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Farm & Ranch Business Management

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Presentation on theme: "Farm & Ranch Business Management"— Presentation transcript:

1 Farm & Ranch Business Management
Chapter #2 Record Keeping

2 Why keep records? income tax reporting requirements
assist in planning and management obtaining credit

3 What kinds of records need to be kept?
1) Cash Flow Statement: monthly cash inflows and outflows 2) Net Worth Statement: asset minus liabilities shows financial condition of business lists all assets & values, liabilities & values also known as a balance sheet

4 What kinds of records need to be kept?
3) Income Statement: shows profit for a given time (1 year) also known as a Profit/Loss Statement 4) Detailed Enterprise Analysis: identifies factors that affect the profitability and efficiency of the individual enterprises Records allow you to compare past performance with present performance and future goals

5 What kinds of records need to be kept?
Cash Flow Projection: estimate monthly cash inflows and outflows Whole Farm Budgets: compares alternative courses of action Risk Management Plan: statistical calculation of the probabilities of success

6 What steps need to be taken to set up a record system?
1) select a record keeping system suited to their particular needs 2) select an accounting system suited to your business situation 3) select a method of reporting farm income and expenses 4) develop a procedure to get exactly the information needed from the records

7 What kinds of records are there?
Financial receipts & expenses net worth income statement cash flow Physical production records of crops/livestock crop yield birth, wean wt.

8 What are the types of accounting systems?
Double entry system: each credit transaction must be balanced by a debit transaction Single entry system: no balance is maintained

9 What methods are used to report income and expenses?
1) Cash Method: records of actual cash transactions income & expenses recorded in year that actually received or paid no inventory kept for unsold products or supplies cost of items bought for resale are not deducted until year actually sold

10 Cash Method provides flexibility in choosing when to take income and deduct expenses if the farmer shows a profit, cash is available to pay income taxes expenses are not deducted until cash is paid inventories must be made to compute financial statements income may be erratic

11 Accrual Method income and expenses reported when they actually occur
uses an inventory to match income & expense to the appropriate time period levels out peaks and valleys in income detailed and complex required all items must be inventoried

12 Accrual Method easier to determine net farm income and analyze the strengths and weaknesses of the farm business from year to year work with abstract figures (may only show profit on paper) actual cash position may be difficult to estimate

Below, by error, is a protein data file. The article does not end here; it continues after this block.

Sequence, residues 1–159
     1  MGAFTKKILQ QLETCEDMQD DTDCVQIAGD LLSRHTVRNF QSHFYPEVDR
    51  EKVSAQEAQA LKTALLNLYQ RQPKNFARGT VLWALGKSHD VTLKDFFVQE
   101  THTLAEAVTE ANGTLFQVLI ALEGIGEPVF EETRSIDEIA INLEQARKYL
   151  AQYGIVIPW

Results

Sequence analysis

13 Record Keeping Procedures
learn about record keeping system before you begin develop a habit of keeping record up to date do most business through a bank account (also identify items on deposit slips: borrowed money, gift, bushels, pounds) get the bank statement each month and reconcile the checkbook and record keeping system

14 Record Keeping Steps enter the beginning of the year inventories (owned assets, accounts payable, beginning cash balance) set up depreciation schedules enter receipts, expenses, and production records enter end of year inventories complete the farm analysis (income taxes, financial statements, enterprise analysis, cash flow)

15 What is an Inventory? list of all assets and values

16 Why keep an inventory? get a true picture (on net worth statement)
beginning to ending inventory change must use in accrual method place a value on assets

17 What items are inventoried?
all unsold items at end of tax year crops in storage raised livestock all items purchased for resale but not yet sold livestock

18 What items are inventoried?
hedging contracts crop and livestock supplies capital assets breeding livestock machinery & equipment buildings & land accounts receivable & payable liabilities

19 Guidelines for making inventories
measure quantities in commonly used units (bushels, tons, cwt., pounds) group like items (cows, bulls, replacement heifers, calves)

20 How do you place a value on inventory items?
Cost minus depreciation Cost minus depletion: value changes as resources are removed (gravel pit) Market cost: actual cost (used within a short time, feed, seed) Net Market Price: if you sell the product (wheat)

21 How do you place a value on inventory items?
Farm Production Costs: actual amount invested in crop Actual Amount: value of liability owed

22 What are Cash Receipts? cash flowing into a business business income
crop sales,Government payments, patronage dividends (co-ops), resales (only net gain is taxed), cash rent, Crop insurance payments, raised nonbreeding livestock, capital sales, wages, dividends received, stock distributions, oil & gas royalties, interest received from savings, rental income, gifts, inheritance, life insurance

23 What are Cash Expenditures?
money flowing out of a business business expenses hired labor, repairs & maintenance, interest paid, feed, seeds, fertilizer & chemicals, machine hire, supplies (useful life <1 yr.), breeding fees, veterinary & medicine, fuel & oil, storage, taxes (real estate, personal property), insurance (on farm assets), utilities, cash rent, freight & trucking, items purchased for resale, capital purchases, money paid on accounts payable

24 Hired Labor Records social security and unemployment taxes may need to be paid by employer


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